Preferably, stops are provided for limiting the arc of pivoting of the mast with respect to the attachment means.
Preferably, there is provided a stabilising leg arranged to be disposed transversely outwardly from the bed or the attachment means so as to stabilise the bed against transverse tipping forces encountered when pivoting the mast for raising and lowering the object adjacent the bed.
Typically, the attachment means is a spigot or pipe designed to mate with a boss of a hospital bed. A boss is conventionally provided on hospital beds to receive a tubular support from which depends a support ring for use by patients in raising and lowering themselves bodily on the hospital bed--conveniently referred to as a self help pole.
The stabilising leg may be provided with a spigot to mate with the boss on the hospital bed or at a suitably located boss designed for this purpose. For example, the boss could be located at a corner of the bed.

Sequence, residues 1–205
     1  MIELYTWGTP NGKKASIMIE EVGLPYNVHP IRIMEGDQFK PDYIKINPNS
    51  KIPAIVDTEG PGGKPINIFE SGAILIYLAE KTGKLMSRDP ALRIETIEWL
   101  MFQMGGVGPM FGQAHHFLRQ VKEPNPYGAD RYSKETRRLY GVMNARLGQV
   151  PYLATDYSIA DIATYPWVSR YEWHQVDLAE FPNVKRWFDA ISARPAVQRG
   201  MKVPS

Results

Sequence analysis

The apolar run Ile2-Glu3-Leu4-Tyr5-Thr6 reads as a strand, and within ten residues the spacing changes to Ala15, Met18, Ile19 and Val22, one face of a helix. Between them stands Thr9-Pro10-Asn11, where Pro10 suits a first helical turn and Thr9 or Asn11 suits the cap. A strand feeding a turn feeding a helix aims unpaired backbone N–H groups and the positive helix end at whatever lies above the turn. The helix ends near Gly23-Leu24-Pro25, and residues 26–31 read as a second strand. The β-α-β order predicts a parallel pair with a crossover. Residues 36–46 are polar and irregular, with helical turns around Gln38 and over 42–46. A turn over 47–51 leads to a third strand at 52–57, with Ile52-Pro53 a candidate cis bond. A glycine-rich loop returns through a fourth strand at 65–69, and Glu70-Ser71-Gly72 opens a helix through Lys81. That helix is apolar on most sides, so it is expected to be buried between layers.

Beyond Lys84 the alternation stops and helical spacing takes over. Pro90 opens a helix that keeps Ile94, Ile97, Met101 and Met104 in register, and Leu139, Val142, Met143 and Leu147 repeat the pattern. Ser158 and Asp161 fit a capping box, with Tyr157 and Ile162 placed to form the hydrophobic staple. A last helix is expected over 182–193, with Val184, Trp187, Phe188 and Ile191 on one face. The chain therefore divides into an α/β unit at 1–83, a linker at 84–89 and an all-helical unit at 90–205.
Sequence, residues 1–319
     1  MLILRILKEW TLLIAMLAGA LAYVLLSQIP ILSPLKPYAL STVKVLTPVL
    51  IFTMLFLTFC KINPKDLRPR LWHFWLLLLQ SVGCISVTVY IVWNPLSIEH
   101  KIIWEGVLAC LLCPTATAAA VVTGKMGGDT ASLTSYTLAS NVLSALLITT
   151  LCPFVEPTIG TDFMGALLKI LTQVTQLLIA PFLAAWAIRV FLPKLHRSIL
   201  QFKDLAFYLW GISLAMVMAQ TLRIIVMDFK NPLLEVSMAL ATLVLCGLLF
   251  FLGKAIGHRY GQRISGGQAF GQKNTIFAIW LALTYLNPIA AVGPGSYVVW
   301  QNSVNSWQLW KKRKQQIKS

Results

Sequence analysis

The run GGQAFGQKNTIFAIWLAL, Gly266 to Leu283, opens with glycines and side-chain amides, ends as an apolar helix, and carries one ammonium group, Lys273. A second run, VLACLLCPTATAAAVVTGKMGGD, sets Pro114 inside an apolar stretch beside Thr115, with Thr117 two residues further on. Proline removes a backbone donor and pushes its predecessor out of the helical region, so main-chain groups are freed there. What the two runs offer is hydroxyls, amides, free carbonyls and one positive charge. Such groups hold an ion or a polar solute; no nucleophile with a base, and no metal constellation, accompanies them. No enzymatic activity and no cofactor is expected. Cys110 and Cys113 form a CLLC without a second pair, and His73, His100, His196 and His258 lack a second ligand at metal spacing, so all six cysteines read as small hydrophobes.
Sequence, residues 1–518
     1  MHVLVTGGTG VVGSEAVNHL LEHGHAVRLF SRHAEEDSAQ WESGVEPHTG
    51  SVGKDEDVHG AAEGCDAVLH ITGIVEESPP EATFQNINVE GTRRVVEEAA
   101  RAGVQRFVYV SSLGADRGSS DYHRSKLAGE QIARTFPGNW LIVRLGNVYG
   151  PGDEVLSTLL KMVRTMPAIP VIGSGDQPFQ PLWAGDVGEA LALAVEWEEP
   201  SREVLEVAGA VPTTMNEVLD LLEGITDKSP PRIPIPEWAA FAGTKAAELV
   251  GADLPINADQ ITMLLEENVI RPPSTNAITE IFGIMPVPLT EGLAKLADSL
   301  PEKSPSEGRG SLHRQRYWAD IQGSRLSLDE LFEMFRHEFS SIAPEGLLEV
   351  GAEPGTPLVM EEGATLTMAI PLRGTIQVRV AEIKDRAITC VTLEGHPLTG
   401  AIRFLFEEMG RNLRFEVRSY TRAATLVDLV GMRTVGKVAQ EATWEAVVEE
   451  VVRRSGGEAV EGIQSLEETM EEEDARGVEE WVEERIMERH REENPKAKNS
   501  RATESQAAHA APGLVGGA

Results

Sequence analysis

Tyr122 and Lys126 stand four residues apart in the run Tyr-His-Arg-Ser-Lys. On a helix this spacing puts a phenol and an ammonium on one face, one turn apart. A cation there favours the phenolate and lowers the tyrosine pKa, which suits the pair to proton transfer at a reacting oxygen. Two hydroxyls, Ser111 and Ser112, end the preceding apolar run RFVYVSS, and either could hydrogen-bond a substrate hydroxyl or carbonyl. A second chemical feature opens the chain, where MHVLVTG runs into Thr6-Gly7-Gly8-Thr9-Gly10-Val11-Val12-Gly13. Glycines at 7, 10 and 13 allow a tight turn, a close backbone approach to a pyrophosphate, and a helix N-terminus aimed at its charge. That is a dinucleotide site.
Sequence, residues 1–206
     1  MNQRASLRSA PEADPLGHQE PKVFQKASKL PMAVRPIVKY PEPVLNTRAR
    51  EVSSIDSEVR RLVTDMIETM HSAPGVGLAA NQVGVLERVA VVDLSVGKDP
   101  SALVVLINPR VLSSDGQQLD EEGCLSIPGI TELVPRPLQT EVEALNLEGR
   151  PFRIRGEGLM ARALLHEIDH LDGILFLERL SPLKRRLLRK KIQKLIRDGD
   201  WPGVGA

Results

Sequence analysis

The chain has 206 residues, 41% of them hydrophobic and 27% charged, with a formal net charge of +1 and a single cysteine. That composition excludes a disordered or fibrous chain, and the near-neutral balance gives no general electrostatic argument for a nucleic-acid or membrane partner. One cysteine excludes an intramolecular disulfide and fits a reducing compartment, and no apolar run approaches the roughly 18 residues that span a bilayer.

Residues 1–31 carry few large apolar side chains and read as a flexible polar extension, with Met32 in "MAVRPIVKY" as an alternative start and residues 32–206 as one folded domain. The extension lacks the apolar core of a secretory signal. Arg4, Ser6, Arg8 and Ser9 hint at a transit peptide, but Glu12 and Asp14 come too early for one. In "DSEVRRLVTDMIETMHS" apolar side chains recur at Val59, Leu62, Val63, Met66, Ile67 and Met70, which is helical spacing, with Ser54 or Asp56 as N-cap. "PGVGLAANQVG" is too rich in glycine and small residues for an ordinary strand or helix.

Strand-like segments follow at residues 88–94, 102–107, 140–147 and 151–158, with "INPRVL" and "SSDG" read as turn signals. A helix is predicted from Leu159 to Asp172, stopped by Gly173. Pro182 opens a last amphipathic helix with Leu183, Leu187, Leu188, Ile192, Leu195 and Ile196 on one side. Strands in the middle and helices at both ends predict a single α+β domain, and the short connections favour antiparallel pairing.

Preferably, the jib is coupled to the object with a spreader bar carrying a harness for the purpose.
In accordance with another aspect of the present invention there is provided a bed adapted for having a lifting apparatus attached to it, the bed being characterised in that it has:
an attachment means for pivotably attaching a mast of the lifting apparatus to the bed for raising and lowering an object above and adjacent the bed, the attachment means being located proximate one corner of a base frame of the bed, the attachment means co-acting with the mast for providing a low friction support with respect to axial and radial forces and moments of inertia about the attachment means, the attachment means allowing substantially free pivoting of the lifting apparatus with respect to the bed; and,